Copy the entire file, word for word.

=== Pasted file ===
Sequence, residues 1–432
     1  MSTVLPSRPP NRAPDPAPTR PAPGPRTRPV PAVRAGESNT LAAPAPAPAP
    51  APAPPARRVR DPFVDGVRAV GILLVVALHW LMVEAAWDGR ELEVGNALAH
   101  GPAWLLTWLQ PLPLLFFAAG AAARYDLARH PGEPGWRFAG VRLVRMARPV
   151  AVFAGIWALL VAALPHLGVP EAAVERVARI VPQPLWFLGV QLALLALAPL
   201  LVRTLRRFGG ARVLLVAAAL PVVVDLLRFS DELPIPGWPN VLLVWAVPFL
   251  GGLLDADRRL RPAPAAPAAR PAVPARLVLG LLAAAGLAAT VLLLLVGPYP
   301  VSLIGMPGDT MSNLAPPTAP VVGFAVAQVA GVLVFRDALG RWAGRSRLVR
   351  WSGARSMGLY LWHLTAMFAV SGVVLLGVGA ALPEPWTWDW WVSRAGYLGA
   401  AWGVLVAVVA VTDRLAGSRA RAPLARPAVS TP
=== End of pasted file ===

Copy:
Sequence, residues 1–432
     1  MSTVLPSRPP NRAPDPAPTR PAPGPRTRPV PAVRAGESNT LAAPAPAPAP
    51  APAPPARRVR DPFVDGVRAV GILLVVALHW LMVEAAWDGR ELEVGNALAH
   101  GPAWLLTWLQ PLPLLFFAAG AAARYDLARH PGEPGWRFAG VRLVRMARPV
   151  AVFAGIWALL VAALPHLGVP EAAVERVARI VPQPLWFLGV QLALLALAPL
   201  LVRTLRRFGG ARVLLVAAAL PVVVDLLRFS DELPIPGWPN VLLVWAVPFL
   251  GGLLDADRRL RPAPAAPAAR PAVPARLVLG LLAAAGLAAT VLLLLVGPYP
   301  VSLIGMPGDT MSNLAPPTAP VVGFAVAQVA GVLVFRDALG RWAGRSRLVR
   351  WSGARSMGLY LWHLTAMFAV SGVVLLGVGA ALPEPWTWDW WVSRAGYLGA
   401  AWGVLVAVVA VTDRLAGSRA RAPLARPAVS TP